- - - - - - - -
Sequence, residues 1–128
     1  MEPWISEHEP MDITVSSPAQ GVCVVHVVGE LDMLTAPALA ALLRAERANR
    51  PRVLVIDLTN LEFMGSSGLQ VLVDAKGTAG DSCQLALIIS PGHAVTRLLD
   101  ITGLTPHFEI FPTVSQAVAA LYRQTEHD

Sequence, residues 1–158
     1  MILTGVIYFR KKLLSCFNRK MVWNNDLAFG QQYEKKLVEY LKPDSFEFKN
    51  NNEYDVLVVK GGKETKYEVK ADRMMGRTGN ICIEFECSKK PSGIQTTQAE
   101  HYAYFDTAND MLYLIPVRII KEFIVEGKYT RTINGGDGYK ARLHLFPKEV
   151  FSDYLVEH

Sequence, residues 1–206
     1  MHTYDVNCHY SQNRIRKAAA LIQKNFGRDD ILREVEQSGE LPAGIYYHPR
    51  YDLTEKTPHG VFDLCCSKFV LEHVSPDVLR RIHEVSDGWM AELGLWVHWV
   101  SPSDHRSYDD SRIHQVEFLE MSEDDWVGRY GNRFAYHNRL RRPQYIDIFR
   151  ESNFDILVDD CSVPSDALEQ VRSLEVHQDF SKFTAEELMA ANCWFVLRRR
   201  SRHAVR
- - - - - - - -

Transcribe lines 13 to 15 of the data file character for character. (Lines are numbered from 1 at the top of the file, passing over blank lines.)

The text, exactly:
   101  SPSDHRSYDD SRIHQVEFLE MSEDDWVGRY GNRFAYHNRL RRPQYIDIFR
   151  ESNFDILVDD CSVPSDALEQ VRSLEVHQDF SKFTAEELMA ANCWFVLRRR
   201  SRHAVR